BY CHAYIM TAUBER
Twenty years ago, the Winter Olympics housed the biggest story in the United States (until a certain white Bronco was caught in a police chase) as the Nancy Kerrigan/Tonya Harding drama played itself out. Now, 20 years later, the US is still looking to make headlines, but with a considerable reduction in the drama.
If you’re watching the Winter Olympics, there are a couple of names you already know and are probably tuning in to watch again. Shaun “The Flying Tomato” White, the man who revolutionized Snowboarding and is a living legend on the halfpipe returns to yet again defend his crown. This will be his most difficult defense as young up-and-comers like I-Pod (Iouri Podladtchikov), Danny Davis, Taylor Gold, and Greg Betz are gunning for his crown.
The other biggest name in US Winter Sports, Lindsey Vonn, will be on your screen for the Olympics but as a correspondent for NBC. The former gold medalist, American sweetheart, and current Tiger Woods gal-pal tried valiantly to return to the Olympics following a torn ACL and MCL and a tibial plateau fracture about a year ago. She rehabilitated, recovered, and was on pace to make her triumphant (and courageous) return when she re-tore her ACL on Nov. 19. Despite the absence of Vonn, US skiing is still in great shape as returning gold medalists Bode Miller, Ted Ligety, and Julia Mancuso headline a strong US crop of skiiers. Ligety in particular is one to watch this year as he’s won 4 consecutive World Cup titles.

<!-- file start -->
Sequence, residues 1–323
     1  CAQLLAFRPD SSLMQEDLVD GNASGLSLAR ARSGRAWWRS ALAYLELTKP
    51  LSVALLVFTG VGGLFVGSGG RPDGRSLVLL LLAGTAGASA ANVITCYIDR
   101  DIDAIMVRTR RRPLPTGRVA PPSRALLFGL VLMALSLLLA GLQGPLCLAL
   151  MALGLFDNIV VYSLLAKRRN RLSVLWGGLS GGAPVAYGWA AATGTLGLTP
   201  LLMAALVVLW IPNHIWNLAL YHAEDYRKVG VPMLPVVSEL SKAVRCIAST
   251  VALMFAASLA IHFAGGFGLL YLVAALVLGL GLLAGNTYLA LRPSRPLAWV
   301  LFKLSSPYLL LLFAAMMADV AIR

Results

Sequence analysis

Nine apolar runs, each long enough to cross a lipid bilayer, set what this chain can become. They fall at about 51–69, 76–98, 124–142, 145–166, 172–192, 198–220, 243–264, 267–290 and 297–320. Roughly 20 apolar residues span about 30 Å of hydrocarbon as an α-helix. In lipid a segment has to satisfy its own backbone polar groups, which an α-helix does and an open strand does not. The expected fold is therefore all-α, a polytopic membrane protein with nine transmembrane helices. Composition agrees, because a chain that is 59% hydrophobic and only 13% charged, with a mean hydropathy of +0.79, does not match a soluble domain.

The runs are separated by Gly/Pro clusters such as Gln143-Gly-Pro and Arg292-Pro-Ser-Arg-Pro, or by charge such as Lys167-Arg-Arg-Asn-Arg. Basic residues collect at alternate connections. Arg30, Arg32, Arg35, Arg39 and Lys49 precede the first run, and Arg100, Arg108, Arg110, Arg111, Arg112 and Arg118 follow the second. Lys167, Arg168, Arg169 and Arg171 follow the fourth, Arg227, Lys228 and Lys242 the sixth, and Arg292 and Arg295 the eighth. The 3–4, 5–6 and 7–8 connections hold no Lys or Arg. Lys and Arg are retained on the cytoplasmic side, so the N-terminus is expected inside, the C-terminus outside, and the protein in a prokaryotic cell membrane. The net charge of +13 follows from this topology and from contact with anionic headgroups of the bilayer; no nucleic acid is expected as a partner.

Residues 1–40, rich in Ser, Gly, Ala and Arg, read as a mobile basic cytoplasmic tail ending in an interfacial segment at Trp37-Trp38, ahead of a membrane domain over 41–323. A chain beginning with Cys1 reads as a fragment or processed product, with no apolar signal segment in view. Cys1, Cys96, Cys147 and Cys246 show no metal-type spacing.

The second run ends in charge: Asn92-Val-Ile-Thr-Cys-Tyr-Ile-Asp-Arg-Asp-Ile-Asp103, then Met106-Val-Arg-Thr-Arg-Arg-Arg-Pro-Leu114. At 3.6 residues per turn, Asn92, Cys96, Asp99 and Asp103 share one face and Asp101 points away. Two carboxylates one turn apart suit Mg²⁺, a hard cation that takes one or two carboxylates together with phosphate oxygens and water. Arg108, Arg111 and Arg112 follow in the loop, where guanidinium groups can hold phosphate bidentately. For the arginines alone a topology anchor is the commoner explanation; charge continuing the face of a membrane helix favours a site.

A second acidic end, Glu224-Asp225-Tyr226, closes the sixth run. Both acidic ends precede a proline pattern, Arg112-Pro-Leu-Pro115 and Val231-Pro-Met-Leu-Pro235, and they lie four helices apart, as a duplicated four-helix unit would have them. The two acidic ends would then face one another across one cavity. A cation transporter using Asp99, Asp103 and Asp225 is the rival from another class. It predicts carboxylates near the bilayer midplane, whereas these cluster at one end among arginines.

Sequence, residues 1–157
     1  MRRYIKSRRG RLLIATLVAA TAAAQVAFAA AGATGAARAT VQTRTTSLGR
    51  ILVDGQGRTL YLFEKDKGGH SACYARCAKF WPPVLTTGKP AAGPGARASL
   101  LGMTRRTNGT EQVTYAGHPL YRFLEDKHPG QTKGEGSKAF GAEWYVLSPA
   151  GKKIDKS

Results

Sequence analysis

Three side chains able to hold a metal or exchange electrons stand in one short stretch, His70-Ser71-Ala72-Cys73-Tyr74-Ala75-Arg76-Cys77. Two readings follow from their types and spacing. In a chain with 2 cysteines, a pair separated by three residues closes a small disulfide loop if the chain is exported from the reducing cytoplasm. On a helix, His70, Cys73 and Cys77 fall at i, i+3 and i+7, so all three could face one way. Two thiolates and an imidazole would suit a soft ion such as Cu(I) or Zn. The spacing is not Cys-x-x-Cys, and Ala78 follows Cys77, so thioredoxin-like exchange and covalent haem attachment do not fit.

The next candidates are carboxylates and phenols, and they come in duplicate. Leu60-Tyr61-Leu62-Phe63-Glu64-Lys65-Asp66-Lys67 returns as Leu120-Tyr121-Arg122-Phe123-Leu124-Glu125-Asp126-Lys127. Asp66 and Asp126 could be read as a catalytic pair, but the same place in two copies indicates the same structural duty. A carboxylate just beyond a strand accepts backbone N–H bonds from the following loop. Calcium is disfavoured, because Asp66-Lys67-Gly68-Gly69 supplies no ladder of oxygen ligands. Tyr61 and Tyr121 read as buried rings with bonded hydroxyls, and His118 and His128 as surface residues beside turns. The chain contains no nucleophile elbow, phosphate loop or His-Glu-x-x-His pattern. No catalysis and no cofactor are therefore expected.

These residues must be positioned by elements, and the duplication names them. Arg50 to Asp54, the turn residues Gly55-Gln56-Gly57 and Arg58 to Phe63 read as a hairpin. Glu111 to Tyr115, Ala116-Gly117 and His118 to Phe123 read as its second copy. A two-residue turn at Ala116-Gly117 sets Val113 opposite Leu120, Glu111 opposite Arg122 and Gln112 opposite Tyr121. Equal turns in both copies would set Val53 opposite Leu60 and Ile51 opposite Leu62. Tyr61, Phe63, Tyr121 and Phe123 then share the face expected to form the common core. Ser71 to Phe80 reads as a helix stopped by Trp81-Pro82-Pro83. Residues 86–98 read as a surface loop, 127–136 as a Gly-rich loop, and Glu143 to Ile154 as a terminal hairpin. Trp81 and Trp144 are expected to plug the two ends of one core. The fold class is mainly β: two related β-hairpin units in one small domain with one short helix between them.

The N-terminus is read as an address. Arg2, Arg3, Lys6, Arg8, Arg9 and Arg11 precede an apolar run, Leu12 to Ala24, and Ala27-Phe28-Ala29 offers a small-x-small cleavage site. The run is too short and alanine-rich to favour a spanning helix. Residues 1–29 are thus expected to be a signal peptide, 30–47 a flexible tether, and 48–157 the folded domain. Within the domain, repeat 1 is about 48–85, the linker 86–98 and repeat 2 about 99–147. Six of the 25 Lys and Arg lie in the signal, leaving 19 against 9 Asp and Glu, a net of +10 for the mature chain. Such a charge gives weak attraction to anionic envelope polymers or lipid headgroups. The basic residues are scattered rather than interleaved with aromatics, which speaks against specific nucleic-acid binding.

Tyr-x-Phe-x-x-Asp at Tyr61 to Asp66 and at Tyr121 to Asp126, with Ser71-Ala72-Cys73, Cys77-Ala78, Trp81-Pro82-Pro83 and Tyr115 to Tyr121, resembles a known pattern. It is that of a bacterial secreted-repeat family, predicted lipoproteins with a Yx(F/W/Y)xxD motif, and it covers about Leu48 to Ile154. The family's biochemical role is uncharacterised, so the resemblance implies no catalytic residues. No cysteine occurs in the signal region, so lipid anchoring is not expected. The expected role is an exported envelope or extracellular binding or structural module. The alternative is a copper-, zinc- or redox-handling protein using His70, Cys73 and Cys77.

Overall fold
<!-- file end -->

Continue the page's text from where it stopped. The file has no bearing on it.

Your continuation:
Shani Davis is already in the record books. He is the first black gold medalist in Winter Olympic history. He then became the first defending champ in the speed skating 1000M and this year, is trying to build on that becoming the Gold medalist in the 1000M for the third consecutive Olympics.
The identity of the single most intriguing 2014 US Winter Olympics athlete is undisputed: Lolo Jones. Yes that Lolo Jones. She of the summer Olympics near-misses and well-publicized virginity, has made the Winter Olympics as a member of the bobsled team. This is no publicity stunt. Jones has reportedly been consuming 9,000 calories a day in an attempt to add muscle before Sochi. With her as a pusher, former Olympic gold medal sprinter Lauryn Williams (who has the chance to be the second athlete to win gold in both the summer and winter Olympics). The US has a good chance of medaling (in both the men’s and women’s bobsled) as do the Germans, Canadians, Latvians, Russians, and Swiss. The best non-American story would have to be the return of “Cool Runnings” – the Jamaicans once again have a bobsled team.
Of course, there’s figure skating; the sport that made such big headlines 20 years ago. Gracie Gold is America’s best new hope in women’s figure skating at the tender age of 18 after running away with the US Championships. At 22, Ashley Wagner is the veteran of the US skating team. She finished one spot away from qualifying for Vancouver and has won back to back US Figure Skating Championships in 2012 and 2013. Polina Edmunds, just 15 years old, was the surprise of the US Championships. She took home a silver medal with the most technically demanding routine of the competition. She works partly with Gold’s coach and comes into the Olympics as virtually, a complete unknown.